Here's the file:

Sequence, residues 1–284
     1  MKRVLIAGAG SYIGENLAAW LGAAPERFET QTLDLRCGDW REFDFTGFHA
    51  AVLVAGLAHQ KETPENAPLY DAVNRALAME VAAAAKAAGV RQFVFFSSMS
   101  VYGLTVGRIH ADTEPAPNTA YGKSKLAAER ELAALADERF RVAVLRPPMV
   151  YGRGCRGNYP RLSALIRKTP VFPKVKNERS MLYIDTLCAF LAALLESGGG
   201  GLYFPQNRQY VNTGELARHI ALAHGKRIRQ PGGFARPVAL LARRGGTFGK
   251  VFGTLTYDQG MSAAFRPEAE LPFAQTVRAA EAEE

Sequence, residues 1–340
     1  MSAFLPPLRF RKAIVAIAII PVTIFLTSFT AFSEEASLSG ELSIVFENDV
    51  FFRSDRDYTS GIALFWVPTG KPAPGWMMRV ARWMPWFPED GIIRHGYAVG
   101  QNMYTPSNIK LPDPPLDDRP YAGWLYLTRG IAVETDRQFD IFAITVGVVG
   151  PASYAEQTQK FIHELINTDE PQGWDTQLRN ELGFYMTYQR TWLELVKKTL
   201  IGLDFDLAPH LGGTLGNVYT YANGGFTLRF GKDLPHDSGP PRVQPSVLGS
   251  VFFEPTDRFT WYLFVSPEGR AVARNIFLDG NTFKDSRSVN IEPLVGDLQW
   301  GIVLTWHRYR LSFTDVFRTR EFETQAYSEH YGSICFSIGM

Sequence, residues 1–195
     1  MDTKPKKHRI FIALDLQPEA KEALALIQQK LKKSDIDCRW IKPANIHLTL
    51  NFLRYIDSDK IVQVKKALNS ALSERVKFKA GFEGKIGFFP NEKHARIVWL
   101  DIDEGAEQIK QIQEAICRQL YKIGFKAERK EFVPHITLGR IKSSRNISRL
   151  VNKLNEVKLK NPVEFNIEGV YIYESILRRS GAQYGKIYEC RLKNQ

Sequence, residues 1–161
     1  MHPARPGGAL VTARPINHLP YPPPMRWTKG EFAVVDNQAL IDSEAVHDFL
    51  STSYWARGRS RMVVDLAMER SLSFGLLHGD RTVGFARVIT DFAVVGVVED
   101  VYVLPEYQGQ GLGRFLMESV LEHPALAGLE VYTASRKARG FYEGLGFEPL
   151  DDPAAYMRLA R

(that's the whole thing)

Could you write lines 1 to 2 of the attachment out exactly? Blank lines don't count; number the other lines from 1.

Sequence, residues 1–284
     1  MKRVLIAGAG SYIGENLAAW LGAAPERFET QTLDLRCGDW REFDFTGFHA